Thoughts on employment from a practicing attorney

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romothesavior
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Re: Thoughts on employment from a practicing attorney

Postby romothesavior » Tue Jun 15, 2010 9:33 pm

And the hatchet it is!!! Thank you NR.

And thank you to OP for all your great insight. I hope you continue to post here.

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SplitterPride
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Re: Thoughts on employment from a practicing attorney

Postby SplitterPride » Tue Jun 15, 2010 11:47 pm

This thread is useful. Lets encourage the OP with reasonable questions.

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atlantalaw
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Re: Thoughts on employment from a practicing attorney

Postby atlantalaw » Wed Jun 16, 2010 1:03 am

thanks, op. a few questions:

how would you recommend getting practical knowledge in law school? did you do internships or clinics? were they helpful to you?

besides being able to bring in clients, what else can we do as law students to make ourselves look more employable to firms? do you have insight on what firms look for when they hire someone straight from law school?

any advice along these lines is appreciated.

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reasonable_man
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Re: Thoughts on employment from a practicing attorney

Postby reasonable_man » Wed Jun 16, 2010 1:17 am

As someone that spent a year arguing with little kids about not being a JDU Troll, but rather, someone here to be a resource to those entering the profession, I encourage the op to continue posting. I have seriously cut-back (almost stopped my posting really), so its nice to see that someone else with some actual experience in the profession is offering up a little advice.

Do I 100% agree with op? No. Not really. Do I think his perspective is probably closer to reality than MOST of the expectations shared by the future lawyers of America? Yea, I do. Op is just not that far off base...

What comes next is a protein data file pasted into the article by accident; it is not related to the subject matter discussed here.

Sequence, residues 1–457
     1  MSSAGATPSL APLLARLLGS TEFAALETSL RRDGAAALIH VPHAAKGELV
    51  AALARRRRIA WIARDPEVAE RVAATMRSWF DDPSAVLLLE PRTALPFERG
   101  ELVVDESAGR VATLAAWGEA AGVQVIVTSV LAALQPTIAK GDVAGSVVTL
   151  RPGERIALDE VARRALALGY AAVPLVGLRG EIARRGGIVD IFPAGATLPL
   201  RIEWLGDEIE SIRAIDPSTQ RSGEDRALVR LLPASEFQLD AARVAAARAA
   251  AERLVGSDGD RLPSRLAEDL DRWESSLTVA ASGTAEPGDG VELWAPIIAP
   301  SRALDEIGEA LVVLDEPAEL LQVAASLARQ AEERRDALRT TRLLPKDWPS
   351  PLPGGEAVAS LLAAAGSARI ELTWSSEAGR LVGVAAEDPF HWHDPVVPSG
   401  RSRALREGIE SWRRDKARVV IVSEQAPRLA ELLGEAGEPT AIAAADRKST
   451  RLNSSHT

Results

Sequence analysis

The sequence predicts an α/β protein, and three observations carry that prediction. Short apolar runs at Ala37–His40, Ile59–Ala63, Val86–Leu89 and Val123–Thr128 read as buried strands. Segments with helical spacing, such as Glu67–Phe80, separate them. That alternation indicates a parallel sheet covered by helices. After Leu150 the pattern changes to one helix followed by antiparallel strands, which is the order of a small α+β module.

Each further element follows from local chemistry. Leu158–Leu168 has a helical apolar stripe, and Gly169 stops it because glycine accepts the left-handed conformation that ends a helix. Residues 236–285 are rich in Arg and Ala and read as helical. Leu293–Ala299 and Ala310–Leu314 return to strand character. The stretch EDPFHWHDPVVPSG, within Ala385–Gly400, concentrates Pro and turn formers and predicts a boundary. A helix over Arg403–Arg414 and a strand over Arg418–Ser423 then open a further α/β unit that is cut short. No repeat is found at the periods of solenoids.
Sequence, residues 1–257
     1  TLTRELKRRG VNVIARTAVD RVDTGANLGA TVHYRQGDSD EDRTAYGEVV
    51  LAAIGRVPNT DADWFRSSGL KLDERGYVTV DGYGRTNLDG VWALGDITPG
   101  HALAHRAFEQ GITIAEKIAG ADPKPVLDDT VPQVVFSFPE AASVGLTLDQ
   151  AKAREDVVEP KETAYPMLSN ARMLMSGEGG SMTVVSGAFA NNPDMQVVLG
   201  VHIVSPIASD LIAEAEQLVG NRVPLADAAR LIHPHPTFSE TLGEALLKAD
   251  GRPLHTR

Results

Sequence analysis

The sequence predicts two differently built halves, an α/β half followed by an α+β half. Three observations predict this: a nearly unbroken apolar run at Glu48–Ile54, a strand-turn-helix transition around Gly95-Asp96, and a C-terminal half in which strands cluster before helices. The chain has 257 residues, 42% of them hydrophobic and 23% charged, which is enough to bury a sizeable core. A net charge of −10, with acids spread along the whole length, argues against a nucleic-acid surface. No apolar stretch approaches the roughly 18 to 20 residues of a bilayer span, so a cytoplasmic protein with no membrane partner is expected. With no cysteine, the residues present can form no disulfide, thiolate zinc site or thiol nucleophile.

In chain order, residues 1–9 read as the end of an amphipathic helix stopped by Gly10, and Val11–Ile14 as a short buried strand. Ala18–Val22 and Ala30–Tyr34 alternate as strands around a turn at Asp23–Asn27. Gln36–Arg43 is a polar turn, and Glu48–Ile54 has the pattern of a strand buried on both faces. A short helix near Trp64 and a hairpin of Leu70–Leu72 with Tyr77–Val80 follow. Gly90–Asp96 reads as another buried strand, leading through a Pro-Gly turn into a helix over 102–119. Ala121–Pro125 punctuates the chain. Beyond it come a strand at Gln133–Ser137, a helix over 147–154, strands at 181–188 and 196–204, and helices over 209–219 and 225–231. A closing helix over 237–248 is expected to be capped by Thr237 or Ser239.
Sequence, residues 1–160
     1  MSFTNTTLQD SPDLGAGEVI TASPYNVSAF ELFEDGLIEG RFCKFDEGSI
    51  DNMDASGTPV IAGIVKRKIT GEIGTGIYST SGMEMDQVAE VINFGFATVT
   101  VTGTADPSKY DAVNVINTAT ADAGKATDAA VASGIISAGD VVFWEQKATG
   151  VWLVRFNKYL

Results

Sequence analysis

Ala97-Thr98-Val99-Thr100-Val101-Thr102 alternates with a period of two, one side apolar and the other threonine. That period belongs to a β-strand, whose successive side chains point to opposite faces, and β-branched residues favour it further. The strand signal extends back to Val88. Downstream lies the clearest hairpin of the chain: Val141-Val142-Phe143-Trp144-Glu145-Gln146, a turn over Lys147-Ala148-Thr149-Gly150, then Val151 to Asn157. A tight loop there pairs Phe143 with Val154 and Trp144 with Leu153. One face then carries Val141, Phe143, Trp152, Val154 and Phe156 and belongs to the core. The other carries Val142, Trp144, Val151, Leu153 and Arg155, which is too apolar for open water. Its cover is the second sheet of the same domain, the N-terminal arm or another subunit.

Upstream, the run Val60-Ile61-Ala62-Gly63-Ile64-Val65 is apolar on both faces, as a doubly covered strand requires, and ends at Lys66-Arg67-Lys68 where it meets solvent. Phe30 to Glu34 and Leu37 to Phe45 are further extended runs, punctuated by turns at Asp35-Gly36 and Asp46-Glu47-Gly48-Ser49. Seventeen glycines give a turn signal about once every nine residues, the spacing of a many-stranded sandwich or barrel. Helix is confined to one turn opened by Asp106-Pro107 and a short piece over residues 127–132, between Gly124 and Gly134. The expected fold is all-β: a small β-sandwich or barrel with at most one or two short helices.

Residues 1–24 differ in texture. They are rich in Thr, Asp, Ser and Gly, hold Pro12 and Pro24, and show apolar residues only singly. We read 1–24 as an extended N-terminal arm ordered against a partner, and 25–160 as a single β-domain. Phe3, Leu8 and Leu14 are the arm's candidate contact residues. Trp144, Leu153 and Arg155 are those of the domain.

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reasonable_man
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Re: Thoughts on employment from a practicing attorney

Postby reasonable_man » Wed Jun 16, 2010 1:22 am

atlantalaw wrote:thanks, op. a few questions:

how would you recommend getting practical knowledge in law school? did you do internships or clinics? were they helpful to you?

besides being able to bring in clients, what else can we do as law students to make ourselves look more employable to firms? do you have insight on what firms look for when they hire someone straight from law school?

any advice along these lines is appreciated.


If you're talking about BIGLAW (where experience does not matter and pedigree is EVERYTHING), the things you can do in law school to increase your chances of being hired include being on law review, going to a top 14 law school and have excellent grades.

If you're talking about employment in small or mediumish sized firms, where experience is everything, then the best thing you can do is work in whatever firm you can to gain experience in an areas that interests you, enroll in externship opportunities and look into things like moot court, etc. However, by and large, these employers are not nearly as interested in grades as they will be interested in your hands on experience. Starting salaries at smaller to mid sized firms tend to range anywhere from 30 to 70k to start. A salary in the 100k ranges is typically at least 3 to 6 years down the road.

iahurricane
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Re: Thoughts on employment from a practicing attorney

Postby iahurricane » Wed Jun 16, 2010 3:53 am

AJRESQ wrote:Hello: I don't normally post here, but I do enjoy the JDU / TLS battle from time to time. I came across this place from a solosez list serve, well, I hope I can say things that are helpful.

First, the bad news. Reality check: 90% of you are not going to start off in a mega law firm. Deal with it. That's life. It's not the end of the world, though. BIGLAW is not the land of milk and honey, and it's not the only way to succeed. A close friend of mine just left BIGLAW after two years to be a public defender. He was top of his class from a T5 and saw the writing on the wall. Clients are jumping ship from BIGLAW. Associates aren't billing enough hours. Clients realize they can hire a few small boutique firms at $200 an hour, without paying 3 junior associates prepare a memo on the federal rules of civil procedure, and get the same representation. Technology has evolved to the point where smaller law firms can do everything BIGLAW can. Thanks to Adobe PDF 9 and a scanner, a solo can bate stamp and process 10,000 documents with ease. Law libraries are available at your fingertips. Local rules are available online. The BIGLAW model is dying, and in some respects, you should be pleased that you aren't a part of a model that isn't working anymore.